The effects of oil spills in terrestrial and marine environments are a growing concern globally, but understanding and mitigating these effects is a top priority at NCPTT.
Bone is a material with which most of us are familiar. Bone is made up of a combination of proteins: minerals like calcium and potassium: and vitamins. Bones are primarily made of “osseous tissue.” Two types of osseous tissue are in bone, compact and spongy. Compact osseous tissue forms the hard, smooth surface that most people imagine when thinking of bone. Spongy osseous tissue is the same material, but softer and fills the hollow interior.
Shell, like bone, acts as protective outer layer or exoskeleton created by a marine organism. The shells you find washed up on the beach are the remains of the organism after it has died. Shells are typically composed of calcite, calcium carbonate and conchiolin.
Many cultures, present and past, have utilized bone and shell for tools, weapons and ornamentation but what happens when these materials come into contact with crude oil? How do we remove the oil? Can we restore these artifacts if they do come into contact with crude oil? And once cleaned how will this affect their future curation?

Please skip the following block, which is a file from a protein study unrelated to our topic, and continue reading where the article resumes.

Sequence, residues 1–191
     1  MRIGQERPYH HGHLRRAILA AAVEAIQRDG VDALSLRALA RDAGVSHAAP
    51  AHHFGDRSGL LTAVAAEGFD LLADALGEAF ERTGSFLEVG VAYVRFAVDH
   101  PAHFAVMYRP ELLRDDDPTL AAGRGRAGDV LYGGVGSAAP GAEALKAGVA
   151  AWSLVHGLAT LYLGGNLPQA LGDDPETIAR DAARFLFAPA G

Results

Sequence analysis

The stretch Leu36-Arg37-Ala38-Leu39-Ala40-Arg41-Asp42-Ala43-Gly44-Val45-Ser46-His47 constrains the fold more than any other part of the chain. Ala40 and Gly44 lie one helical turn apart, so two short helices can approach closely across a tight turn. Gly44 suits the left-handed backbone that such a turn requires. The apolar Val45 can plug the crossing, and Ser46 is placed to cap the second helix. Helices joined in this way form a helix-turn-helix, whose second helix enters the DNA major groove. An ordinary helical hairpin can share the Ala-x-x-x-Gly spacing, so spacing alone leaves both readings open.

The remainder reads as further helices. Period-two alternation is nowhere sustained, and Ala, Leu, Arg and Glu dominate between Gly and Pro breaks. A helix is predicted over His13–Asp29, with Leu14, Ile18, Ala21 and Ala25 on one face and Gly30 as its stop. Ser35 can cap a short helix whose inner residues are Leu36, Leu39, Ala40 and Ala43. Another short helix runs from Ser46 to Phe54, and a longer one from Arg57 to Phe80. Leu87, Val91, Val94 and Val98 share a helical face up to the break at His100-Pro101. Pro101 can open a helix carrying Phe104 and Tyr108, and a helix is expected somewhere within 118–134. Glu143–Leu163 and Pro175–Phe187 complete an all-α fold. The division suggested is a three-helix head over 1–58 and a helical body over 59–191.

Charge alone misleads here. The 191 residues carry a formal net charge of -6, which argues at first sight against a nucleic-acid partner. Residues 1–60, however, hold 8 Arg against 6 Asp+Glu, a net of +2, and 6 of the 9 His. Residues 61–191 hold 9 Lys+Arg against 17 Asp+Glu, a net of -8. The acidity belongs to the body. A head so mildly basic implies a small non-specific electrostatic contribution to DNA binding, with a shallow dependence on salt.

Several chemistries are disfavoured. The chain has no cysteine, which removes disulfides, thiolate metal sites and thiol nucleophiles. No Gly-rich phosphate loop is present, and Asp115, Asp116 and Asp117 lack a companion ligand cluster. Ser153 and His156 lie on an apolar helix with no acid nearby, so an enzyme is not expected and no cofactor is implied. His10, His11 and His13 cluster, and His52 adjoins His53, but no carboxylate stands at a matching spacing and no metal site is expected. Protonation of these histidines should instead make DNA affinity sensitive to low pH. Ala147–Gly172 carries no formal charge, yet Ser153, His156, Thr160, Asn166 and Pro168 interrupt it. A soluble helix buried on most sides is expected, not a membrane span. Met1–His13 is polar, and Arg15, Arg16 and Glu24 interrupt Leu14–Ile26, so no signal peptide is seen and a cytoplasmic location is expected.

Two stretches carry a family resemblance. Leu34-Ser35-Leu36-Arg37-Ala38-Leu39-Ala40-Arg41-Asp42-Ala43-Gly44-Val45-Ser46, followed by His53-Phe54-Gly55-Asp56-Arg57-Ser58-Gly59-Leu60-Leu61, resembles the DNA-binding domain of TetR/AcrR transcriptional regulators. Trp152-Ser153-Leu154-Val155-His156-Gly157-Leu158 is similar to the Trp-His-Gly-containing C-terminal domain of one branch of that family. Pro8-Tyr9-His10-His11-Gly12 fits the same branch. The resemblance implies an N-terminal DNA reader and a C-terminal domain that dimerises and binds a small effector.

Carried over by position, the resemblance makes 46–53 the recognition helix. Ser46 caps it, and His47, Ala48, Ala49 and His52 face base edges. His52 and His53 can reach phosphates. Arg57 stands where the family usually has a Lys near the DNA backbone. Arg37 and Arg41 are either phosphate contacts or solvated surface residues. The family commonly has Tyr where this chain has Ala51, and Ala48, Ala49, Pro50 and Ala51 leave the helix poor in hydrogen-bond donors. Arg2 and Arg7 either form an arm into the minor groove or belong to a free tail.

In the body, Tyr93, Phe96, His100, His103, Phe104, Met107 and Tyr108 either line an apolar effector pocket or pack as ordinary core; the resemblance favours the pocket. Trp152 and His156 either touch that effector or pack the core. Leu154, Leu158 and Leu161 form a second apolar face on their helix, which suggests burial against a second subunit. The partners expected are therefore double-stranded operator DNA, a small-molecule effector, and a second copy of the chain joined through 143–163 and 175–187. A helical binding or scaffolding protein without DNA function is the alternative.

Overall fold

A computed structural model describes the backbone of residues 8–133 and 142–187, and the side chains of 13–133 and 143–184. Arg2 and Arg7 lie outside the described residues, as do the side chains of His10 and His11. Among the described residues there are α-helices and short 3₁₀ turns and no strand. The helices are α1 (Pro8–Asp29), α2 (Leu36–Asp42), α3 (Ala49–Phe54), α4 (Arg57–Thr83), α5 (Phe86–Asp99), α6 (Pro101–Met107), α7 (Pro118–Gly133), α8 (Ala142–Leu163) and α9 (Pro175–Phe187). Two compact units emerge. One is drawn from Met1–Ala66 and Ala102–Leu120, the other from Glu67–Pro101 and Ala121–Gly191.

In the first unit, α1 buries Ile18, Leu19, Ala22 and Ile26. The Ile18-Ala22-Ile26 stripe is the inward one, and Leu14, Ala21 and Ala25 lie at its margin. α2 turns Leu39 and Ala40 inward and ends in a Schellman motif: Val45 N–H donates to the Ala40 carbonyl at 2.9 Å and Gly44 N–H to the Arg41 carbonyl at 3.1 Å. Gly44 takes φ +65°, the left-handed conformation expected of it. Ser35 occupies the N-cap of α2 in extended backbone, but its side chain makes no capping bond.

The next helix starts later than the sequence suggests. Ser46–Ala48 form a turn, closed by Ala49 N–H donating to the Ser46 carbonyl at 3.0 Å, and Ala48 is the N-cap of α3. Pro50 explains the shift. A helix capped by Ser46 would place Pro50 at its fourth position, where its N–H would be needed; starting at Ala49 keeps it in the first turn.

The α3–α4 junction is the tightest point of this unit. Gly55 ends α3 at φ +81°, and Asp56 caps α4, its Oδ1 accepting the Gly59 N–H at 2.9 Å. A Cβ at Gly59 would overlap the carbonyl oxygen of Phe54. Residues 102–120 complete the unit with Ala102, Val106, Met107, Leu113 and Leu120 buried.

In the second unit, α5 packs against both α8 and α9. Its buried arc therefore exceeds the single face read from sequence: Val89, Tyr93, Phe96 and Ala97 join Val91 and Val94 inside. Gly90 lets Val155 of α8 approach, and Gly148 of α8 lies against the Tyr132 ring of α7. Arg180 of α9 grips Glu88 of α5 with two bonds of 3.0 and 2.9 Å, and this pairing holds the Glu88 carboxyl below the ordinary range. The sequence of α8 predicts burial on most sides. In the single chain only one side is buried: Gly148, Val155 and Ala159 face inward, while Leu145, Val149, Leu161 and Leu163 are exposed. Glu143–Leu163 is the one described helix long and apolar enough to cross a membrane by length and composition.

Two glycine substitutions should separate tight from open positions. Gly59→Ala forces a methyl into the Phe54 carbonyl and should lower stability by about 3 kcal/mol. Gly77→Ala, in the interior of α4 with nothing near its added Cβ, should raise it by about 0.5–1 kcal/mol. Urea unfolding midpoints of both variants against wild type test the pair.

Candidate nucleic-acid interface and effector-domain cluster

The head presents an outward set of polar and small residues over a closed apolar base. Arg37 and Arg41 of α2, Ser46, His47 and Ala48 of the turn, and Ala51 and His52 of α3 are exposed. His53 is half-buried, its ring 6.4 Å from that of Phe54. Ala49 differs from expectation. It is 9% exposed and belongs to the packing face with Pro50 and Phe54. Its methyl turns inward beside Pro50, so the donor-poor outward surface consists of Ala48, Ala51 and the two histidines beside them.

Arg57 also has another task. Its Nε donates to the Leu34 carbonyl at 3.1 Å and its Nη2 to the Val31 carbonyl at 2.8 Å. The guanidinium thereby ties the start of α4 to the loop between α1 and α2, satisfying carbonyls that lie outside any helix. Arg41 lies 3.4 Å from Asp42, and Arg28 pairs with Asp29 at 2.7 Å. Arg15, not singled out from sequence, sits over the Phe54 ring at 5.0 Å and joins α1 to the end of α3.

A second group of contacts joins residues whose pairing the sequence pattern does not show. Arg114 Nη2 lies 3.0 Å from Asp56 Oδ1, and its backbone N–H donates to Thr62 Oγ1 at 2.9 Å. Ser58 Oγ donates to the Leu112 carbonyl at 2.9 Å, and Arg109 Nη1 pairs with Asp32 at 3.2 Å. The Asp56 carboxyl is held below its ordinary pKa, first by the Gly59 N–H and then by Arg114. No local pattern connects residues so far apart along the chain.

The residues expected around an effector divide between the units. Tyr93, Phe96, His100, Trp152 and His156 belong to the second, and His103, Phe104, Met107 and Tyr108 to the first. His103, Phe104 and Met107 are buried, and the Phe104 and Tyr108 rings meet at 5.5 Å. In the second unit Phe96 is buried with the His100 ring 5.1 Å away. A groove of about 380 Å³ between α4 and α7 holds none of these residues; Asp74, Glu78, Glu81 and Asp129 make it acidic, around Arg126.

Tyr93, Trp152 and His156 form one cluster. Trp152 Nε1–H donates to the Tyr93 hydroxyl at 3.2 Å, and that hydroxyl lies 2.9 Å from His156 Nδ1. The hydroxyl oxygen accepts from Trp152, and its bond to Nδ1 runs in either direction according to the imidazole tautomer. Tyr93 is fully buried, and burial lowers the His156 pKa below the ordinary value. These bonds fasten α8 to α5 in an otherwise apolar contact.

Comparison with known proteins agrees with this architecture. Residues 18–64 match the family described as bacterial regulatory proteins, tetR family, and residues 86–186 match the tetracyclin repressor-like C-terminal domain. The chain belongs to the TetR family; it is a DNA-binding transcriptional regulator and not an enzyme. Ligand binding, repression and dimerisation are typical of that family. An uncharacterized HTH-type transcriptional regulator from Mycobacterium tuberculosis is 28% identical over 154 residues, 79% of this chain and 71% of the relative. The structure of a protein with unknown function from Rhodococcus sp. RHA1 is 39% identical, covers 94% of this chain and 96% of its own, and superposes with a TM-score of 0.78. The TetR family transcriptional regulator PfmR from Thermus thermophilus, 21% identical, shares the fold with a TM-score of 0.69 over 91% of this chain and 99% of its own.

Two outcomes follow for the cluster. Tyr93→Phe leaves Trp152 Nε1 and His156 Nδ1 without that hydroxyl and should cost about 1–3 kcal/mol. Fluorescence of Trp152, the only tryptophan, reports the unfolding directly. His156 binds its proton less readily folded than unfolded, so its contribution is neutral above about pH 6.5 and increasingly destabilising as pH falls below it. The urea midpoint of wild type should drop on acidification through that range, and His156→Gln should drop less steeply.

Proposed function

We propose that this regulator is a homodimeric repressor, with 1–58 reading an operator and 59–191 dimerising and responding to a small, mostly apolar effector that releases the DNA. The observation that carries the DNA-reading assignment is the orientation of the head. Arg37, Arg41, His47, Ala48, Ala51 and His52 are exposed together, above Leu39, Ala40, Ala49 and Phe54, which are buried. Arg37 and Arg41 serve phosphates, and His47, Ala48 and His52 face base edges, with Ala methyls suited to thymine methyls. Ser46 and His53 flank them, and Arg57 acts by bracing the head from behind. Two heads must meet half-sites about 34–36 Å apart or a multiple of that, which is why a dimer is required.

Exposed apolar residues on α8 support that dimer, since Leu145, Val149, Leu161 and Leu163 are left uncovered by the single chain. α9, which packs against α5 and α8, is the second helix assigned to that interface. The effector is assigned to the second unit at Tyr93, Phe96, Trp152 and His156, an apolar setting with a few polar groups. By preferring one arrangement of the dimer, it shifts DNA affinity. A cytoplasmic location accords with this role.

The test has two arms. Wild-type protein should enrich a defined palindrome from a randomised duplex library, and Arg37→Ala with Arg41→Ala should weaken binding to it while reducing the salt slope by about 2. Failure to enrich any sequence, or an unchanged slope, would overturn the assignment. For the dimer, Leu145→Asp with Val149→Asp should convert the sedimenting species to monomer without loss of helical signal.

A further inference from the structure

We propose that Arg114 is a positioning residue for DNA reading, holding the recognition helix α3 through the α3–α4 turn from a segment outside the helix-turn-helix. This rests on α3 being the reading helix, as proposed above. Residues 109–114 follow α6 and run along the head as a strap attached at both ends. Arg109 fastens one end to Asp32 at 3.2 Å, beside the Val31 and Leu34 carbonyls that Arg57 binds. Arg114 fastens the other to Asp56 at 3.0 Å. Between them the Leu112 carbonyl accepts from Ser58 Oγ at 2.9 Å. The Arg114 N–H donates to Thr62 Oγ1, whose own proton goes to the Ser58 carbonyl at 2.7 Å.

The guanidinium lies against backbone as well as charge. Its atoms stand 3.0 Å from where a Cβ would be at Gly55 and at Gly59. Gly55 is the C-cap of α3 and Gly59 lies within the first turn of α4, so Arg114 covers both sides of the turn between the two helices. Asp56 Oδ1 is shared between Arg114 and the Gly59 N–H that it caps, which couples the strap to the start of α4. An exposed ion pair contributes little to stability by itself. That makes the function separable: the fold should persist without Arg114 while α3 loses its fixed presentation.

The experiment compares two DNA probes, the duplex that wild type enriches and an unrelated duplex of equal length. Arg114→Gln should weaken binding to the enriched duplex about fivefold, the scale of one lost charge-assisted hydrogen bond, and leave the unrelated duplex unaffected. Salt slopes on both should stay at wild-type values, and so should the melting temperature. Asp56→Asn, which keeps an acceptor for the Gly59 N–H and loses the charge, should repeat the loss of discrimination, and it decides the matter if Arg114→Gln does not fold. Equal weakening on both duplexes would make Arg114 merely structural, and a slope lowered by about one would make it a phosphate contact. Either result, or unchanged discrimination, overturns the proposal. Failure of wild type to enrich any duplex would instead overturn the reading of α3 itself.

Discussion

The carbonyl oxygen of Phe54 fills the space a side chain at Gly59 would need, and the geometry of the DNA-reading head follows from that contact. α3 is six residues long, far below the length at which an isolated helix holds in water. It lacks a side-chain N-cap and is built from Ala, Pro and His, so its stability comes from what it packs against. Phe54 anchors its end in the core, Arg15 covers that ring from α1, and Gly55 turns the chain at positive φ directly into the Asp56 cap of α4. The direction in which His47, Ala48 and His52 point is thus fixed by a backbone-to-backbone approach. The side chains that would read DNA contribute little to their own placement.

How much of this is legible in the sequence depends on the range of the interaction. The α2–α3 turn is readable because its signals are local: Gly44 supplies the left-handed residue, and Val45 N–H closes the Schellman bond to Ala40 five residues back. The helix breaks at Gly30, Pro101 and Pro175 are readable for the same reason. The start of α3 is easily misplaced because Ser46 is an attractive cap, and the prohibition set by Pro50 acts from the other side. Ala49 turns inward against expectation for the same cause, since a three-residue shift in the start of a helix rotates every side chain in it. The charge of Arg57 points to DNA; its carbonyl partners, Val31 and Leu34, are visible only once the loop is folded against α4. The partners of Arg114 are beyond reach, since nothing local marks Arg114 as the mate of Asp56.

That is what we here at NCPTT are trying to find out. Using unprovienced archaeological samples, we are experimenting to find the best method for removing oil from artifacts of bone and shell. The initial stages of the study included a thorough literature review, experiment design and selection of surface washing agents and/or surfactants.
The experiment will start with documenting the physical condition of the samples prior to applying oil. This involves analyzing the color with the Minolta CR 400 Colorimeter, recording the mass, etc. Once the oil is applied, half of the samples will be cleaned. The other half of the will be placed in a QUV artificial weathering chamber, for approximately 800 hours to simulate real world conditions. This will simulate artifacts that have been exposed to oil and allowed to weather over time before cleaning. Once this stage is complete, we will test each of the selected cleaners on the samples. At the end of the study, we hope to have evidence for best method for removing oil from bone and shell artifacts.
Special Thanks to the Charleston Museum for the donation of bone and to the Southeast Archeological Center for the donation of shell for the project.